Homework, if used correctly, can be quite an effective tool for increasing student achievement.
Unfortunately, as many teachers know, getting students to complete homework can be a frustrating task to say the least.
Teachers try all sorts of strategies to help students complete homework. We have them write the homework in their planners/agendas, we get them started on the homework in class to clear up any confusion, we post the homework on websites and/or blogs etc.
Unfortunately, despite our best efforts, when it comes to checking/collecting homework the next day we see the same old thing…many students simply do not do the homework, or they don’t complete the homework.
Usually, at this point, teachers start assigning detention, making phone calls home etc. do my homework for me
However, one homework strategy that is often overlooked is getting parents involved with your homework policy from the beginning. No, I don’t mean just letting them know the percentage of the grade and the consequences for incomplete homework, but rather what the parents can do to help their child complete the homework.
Here’s a list of some homework strategies that teachers can share with their students’ parents:
1. Set up a consistent place for homework to be done. Homework should be done in the same place every night – not on the couch one night, at the dinner table the next, and the bedroom the following night.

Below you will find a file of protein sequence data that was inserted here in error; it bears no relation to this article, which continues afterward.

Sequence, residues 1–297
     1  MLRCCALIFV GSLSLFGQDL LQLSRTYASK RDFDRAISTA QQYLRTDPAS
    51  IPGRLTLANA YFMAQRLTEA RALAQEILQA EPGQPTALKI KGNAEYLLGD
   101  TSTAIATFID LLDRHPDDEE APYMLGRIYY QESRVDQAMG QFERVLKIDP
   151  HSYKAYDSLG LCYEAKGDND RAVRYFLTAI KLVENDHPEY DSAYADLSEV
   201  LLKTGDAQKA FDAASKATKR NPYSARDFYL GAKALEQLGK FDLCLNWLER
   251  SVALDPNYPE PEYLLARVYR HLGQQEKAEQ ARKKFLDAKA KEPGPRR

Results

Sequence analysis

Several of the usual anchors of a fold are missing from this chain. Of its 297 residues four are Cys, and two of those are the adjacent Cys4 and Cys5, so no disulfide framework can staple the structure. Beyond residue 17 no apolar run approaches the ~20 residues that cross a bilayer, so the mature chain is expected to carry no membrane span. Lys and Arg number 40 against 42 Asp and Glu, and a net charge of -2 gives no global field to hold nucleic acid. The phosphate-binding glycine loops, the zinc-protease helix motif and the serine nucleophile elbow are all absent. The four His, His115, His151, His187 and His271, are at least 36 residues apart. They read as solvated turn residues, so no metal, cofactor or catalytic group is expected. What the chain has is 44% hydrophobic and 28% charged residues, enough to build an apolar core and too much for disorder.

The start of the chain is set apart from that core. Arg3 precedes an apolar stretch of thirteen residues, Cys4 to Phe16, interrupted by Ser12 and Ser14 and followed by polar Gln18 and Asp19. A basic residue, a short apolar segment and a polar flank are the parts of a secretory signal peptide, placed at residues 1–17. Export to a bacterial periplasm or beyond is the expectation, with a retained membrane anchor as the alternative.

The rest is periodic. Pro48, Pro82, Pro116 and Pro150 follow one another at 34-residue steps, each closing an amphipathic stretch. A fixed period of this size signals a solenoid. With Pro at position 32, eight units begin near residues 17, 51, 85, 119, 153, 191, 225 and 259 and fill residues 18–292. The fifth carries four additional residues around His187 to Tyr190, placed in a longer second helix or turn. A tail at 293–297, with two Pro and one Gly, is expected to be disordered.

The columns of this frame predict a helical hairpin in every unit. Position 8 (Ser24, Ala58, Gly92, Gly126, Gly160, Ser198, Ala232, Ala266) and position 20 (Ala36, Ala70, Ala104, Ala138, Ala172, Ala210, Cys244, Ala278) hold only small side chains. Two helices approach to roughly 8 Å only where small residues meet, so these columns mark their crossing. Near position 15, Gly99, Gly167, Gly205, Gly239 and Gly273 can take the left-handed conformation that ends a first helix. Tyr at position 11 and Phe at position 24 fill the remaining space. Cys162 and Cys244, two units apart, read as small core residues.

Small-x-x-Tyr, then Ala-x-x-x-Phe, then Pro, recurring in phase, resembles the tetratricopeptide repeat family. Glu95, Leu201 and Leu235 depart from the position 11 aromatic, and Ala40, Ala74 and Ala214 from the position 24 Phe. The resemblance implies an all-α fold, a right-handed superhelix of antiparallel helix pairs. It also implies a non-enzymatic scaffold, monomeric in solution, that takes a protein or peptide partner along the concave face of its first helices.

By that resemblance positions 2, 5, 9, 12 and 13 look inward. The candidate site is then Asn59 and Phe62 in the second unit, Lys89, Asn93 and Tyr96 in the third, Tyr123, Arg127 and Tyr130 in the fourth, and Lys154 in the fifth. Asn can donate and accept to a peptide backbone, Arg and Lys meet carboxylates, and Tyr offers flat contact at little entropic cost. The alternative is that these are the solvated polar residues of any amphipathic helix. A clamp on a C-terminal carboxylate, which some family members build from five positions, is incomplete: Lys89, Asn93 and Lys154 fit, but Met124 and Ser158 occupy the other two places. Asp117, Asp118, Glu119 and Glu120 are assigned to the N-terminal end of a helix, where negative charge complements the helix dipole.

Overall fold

2. Organize your homework spot to maximize efficiency. Have a box with everything your child might need to complete any given homework assignment…pencils, erasers, glue, scissors, markers, paper etc. This will greatly reduce homework procrastination.
3. Help your child establish a consistent schedule for completing homework. Depending on the child’s after school schedule, it may not be possible to do the homework at the same time every night. Therefore, it may be wise to sit down Sunday night each week and create the homework schedule for the upcoming week.
4. Do not sit with your child and do the homework together. The purpose of the homework is for your child to practice what he or she has learned in class. If your child cannot do the homework by herself then you need to contact the teacher.
5. After your child completes the homework, discuss it…What did he or she learn from the homework? What steps were easy? Difficult?
6. Your child should spend roughly 10 minutes per grade level on homework. For example, a 2nd grader should spend 20 minutes on homework while an 8th grader should spend 80 minutes. Again, if your child continues to consistently spend more time than this on homework make sure to contact your child’s teacher.